Elizabeth Cogswell Baskin

Change Management Communications: What’s the Worst That Can Happen?

What’s the biggest mistake you could possibly make in communicating change? The absolute worst would be to tell employees something that would make them feel better, but might not be true. For instance, saying there will be no layoffs with an impending merger, before management knows for certain that there won’t be. In the midst of change, there are many moving parts, and some early assumptions may be revised as more details and numbers are fleshed out.

On the other hand, it’s also a  mistake is to say nothing because the details haven’t yet been finalized. Employees can accept the fact that you can’t tell them everything right now. What causes them more stress is the sneaking suspicion that something’s afoot and management isn’t telling them anything. We advise clients that it’s perfectly fine to say, “We don’t know yet, but we’ll tell you when we do,” or “We can’t share that information, but what I can tell you is such and such.” In any case, you certainly want to avoid having your employees hear the news from someone outside the company, whether it’s a neighbor who’s related to top management or the business section of the newspaper.

You can also minimize stress for employees by acknowledging what we call the Two Big Fears. In the face of any major change in the workplace, employees worry about two major questions: “Will I lose my job?” If the answer to that is no, then the next concern is “Will this make my job more difficult?” Acknowledging those two issues can take some of the heat off them.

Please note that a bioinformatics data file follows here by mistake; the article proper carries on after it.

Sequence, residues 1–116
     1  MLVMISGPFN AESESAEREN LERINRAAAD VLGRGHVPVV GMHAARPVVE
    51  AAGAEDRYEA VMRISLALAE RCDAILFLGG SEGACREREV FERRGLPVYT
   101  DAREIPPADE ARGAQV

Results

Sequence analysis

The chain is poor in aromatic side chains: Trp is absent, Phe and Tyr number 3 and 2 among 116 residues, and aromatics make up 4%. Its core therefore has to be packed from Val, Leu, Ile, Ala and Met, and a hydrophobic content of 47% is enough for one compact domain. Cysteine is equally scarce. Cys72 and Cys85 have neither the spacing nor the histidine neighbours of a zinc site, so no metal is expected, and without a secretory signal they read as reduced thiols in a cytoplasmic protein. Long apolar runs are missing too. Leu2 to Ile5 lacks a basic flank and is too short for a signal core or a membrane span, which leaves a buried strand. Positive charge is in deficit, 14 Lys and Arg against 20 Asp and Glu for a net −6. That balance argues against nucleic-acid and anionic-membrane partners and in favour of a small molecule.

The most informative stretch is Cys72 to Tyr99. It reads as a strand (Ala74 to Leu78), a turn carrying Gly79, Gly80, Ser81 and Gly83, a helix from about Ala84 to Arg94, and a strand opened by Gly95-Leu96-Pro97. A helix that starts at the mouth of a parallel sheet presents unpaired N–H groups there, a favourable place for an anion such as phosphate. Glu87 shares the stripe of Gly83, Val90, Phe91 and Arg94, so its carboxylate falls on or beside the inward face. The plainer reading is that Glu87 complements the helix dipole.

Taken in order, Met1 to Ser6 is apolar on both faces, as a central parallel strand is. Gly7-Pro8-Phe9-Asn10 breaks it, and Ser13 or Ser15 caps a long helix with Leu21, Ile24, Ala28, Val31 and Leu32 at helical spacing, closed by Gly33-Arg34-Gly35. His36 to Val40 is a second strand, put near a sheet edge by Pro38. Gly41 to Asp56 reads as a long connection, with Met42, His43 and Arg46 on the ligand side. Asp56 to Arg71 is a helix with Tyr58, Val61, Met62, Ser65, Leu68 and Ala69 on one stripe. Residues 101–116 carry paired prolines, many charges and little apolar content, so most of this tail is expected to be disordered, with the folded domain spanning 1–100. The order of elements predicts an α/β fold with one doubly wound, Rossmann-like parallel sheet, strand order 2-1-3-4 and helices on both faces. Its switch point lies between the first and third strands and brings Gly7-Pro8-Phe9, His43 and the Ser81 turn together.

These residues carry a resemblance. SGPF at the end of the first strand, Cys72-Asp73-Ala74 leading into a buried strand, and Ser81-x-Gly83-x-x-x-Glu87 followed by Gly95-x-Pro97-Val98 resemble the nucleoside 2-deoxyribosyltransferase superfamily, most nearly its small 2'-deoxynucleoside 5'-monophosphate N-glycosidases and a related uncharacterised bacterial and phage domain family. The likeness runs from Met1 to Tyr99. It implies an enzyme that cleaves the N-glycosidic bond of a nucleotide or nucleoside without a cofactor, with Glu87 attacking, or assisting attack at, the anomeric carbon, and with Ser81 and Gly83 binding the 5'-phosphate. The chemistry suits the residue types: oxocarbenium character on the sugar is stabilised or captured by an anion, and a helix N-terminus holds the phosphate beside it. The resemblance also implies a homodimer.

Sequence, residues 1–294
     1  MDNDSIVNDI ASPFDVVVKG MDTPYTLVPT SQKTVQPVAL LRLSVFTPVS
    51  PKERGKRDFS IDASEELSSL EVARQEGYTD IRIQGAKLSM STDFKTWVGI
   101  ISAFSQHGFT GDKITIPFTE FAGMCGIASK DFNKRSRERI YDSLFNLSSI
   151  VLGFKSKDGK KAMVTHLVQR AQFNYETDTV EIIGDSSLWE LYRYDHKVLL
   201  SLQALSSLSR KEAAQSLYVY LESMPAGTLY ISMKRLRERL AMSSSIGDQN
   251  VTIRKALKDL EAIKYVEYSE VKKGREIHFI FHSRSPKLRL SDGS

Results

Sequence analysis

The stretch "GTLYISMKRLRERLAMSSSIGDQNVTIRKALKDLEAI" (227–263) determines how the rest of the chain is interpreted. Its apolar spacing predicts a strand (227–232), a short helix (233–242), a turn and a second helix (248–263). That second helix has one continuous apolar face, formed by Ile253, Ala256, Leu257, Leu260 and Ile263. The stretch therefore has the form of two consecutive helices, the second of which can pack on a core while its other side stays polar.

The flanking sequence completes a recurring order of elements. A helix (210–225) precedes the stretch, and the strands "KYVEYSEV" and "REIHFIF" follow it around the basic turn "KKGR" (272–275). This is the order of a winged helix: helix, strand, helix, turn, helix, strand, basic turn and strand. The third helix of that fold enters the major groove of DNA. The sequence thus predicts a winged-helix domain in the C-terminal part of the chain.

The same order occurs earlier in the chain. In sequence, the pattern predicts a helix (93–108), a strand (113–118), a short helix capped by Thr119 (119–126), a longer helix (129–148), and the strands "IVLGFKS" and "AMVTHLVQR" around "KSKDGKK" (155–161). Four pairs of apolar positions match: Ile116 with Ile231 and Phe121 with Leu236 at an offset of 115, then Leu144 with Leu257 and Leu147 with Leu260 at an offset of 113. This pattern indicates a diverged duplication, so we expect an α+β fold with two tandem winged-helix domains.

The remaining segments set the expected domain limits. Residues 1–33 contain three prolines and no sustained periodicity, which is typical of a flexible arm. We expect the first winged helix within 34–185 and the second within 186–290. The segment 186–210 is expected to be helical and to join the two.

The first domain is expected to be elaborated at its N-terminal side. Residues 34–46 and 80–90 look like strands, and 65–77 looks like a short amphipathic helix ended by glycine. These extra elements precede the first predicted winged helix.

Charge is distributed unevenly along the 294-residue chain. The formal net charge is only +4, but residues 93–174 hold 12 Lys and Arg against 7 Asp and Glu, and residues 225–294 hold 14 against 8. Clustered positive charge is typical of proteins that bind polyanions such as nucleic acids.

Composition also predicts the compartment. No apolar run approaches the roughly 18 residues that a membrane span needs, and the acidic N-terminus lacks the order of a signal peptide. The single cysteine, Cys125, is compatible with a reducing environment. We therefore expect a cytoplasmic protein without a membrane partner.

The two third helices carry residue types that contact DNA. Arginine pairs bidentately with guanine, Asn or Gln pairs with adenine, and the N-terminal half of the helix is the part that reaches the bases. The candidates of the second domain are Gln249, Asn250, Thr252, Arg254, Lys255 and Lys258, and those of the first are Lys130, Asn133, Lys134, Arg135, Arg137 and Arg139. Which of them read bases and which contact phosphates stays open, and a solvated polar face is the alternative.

It’s human nature to imagine the worst. So in the absence of communication regarding the change, employees’ imaginations will fill in the gaps and rumours will begin seeping through your organization. Setting realistic expectations can be a relief. Most people would rather know what to expect, even if it’s not good news, than to be left in the dark.

The most important key to successfully communicating change is to begin with a foundation of respect for the employees. That means treating employees like the intelligent adults they are, as well as putting yourself in their shoes. We often talk about the Golden Rule of Change: If you were an employee impacted by this change, how would you want to be treated?

Interested in communicating change more effectively at your company? Tribe can help.